• Jun 12, 1193

    Hera and Zeus.

    Zeus remembers his promise to Thetis again, and orders all gods and goddesses to Olympus so he can fufil his promise. But Hera stops him from fighting for the Trojans by making herself very beautiful. and makes Zeus fall into a deep sleep.
  • Jul 4, 1193

    Patroclus = Achilles?

    Patroclus, a friend of Achilles, asked Achilles for his armor, to help demoralize the Trojans, because Achilles was their best warrior. Achilles grants him his armor, and Patroclus goes into battle, slaying many men but eventually being slain himself by Hector, the Trojan's best fighter.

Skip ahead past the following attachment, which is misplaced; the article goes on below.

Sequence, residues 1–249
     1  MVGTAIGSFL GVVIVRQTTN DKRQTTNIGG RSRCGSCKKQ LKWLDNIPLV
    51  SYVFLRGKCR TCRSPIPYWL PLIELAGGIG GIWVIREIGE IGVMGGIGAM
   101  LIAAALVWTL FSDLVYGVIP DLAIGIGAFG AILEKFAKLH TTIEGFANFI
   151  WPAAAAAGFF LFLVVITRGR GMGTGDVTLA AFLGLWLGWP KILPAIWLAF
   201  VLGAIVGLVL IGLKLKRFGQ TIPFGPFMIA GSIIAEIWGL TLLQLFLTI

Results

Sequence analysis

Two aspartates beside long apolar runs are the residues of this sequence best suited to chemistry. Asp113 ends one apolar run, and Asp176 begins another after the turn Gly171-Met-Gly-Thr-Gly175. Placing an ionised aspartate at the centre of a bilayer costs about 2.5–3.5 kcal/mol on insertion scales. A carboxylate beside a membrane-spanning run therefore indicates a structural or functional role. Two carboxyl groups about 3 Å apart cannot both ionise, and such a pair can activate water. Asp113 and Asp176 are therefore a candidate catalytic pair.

• Jul 5, 1193

    Achilles is Back.

    Upon hearing of his friend's, Patroclus, death, Achilles went back into battle to avenge his death by killing Hector. Hector had stolen his armor, and inheirited some of Achille's qualities by wearing it. After Achilles had killed Hector, he retrieved his armor from him.
  • Jul 6, 1193

    Achilles v. Hector

    Achilles and Hector meet in battle, fighting to the death. Achilles overpowers Hector, reclaims his armor that Hector took from Petroclus, and desecrates his body,
  • Jul 7, 1193

    Temporary Truce.

    King Priam wished to have his son back to cremate, and so he offered treasures to Achilles in exchange for having Hector. Achilles regrets having desecrated Hector's body, and puts a robe over him to hide the damage from the King. The exchange is made, and a temporary truce is negotiated in order to cremate the dead. It's with this that the Iliad ends.
  • Apr 8, 1194